September 29th, 2011

book and cup

#95 The Stranger's Child - Alan Hollinghurst (2011)

Read on kindle

In the late summer of 1913 the aristocratic young poet Cecil Valance comes to stay at 'Two Acres', the home of his close Cambridge friend George Sawle. The weekend will be one of excitements and confusions for all the Sawles, but it is on George's sixteen-year-old sister Daphne that it will have the most lasting impact, when Cecil writes her a poem which will become a touchstone for a generation, an evocation of an England about to change for ever.

Linking the Sawle and Valance families irrevocably, the shared intimacies of this weekend become legendary events in a larger story, told and interpreted in different ways over the coming century, and subjected to the scrutiny of critics and biographers with their own agendas and anxieties. In a sequence of widely separated episodes we follow the two families through startling changes in fortune and circumstance.


I originally downloaded this novel to my kindle, when it was long-listed for the booker prize, and seemed at the time to be hotly tipped to win. Then of course it sadly failed to make the short list.

This is a novel that those who loved such works as Atonement and Brideshead Revisited will find themselves right at home with. Opening in 1913, it tells the story of the beguiling young poet Cecil Valance, who having woven a spell over both George and Daphne Sawle, writes a poem which becomes famous following Cecils death during WW1.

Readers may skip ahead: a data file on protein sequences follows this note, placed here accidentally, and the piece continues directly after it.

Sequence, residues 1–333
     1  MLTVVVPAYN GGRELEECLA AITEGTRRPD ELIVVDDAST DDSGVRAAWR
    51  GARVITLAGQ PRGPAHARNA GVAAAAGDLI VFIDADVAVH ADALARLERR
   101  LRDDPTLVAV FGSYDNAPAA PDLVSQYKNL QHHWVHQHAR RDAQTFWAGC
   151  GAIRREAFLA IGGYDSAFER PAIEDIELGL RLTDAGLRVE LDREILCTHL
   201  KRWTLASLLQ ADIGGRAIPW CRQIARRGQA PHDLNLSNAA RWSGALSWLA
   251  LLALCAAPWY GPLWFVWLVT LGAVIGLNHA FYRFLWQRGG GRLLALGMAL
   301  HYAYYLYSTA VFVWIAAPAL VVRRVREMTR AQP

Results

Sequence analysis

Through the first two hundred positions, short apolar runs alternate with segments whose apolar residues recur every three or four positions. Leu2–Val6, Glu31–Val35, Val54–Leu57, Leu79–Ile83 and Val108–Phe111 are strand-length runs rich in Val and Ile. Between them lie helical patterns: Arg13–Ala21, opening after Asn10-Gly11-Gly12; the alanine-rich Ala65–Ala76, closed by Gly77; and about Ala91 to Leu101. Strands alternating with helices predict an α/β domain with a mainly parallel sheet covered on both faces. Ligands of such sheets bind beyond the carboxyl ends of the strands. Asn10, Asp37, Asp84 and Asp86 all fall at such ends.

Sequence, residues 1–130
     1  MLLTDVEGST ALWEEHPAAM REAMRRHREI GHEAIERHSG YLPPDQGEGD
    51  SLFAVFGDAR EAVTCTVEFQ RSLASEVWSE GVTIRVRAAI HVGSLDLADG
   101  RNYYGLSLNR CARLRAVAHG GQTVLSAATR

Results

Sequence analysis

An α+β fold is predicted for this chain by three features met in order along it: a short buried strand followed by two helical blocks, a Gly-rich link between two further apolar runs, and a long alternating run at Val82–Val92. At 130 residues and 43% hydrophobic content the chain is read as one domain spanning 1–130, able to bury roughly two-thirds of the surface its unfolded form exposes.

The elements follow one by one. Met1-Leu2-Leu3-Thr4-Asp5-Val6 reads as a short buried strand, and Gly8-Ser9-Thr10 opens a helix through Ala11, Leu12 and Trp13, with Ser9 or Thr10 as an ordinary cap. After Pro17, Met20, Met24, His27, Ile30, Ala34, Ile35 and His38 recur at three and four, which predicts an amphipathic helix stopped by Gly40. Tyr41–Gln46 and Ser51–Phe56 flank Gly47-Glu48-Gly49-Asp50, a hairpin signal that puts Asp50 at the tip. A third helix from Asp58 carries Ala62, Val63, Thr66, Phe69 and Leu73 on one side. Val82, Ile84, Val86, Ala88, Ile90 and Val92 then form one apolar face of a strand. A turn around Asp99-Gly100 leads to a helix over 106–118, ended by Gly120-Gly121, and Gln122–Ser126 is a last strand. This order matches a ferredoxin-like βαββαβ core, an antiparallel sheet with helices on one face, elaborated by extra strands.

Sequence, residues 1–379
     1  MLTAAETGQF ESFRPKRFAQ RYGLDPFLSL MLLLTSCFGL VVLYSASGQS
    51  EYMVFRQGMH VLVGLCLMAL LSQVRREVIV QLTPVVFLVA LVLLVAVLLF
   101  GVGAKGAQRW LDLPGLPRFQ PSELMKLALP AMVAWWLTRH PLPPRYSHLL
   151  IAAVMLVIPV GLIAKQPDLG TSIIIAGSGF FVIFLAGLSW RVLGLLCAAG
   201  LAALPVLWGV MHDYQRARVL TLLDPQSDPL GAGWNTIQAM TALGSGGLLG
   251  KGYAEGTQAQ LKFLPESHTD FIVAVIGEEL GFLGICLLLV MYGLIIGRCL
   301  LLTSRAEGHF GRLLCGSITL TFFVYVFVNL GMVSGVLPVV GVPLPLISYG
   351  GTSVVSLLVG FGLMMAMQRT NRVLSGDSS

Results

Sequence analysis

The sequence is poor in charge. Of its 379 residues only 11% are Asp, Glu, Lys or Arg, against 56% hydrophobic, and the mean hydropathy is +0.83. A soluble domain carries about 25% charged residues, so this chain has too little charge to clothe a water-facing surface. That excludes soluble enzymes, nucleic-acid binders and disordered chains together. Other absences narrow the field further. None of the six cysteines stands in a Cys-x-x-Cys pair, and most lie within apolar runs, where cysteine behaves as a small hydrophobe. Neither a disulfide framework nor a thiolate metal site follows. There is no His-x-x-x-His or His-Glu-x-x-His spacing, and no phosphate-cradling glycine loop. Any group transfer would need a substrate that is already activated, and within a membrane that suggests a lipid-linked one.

Although Cecil is only present as a character for a short time, his presence is felt throughout, in the words he left behind, and the legend he becomes as the years go by. The novel follows the fortunes of Cecil's family, as well as his would be biographers throughout much of the following 70 years or so. The story of the weekend, when Cecil, visiting 'Two Acres' with George first meets Daphne Swale - then only 16, are told and re-told. The occasions of their subsequent meetings minutely examined by those who come after.
This is a beautifully written novel, which I have had to read quite slowly over the last 6 days or so - but that has helped me appreciate it properly.
I must say I did love this book, and I am hoping to go to a talk by Alan Hollinghurst in October during the Birmingham book festival. Having read this will make it all the more fascinating.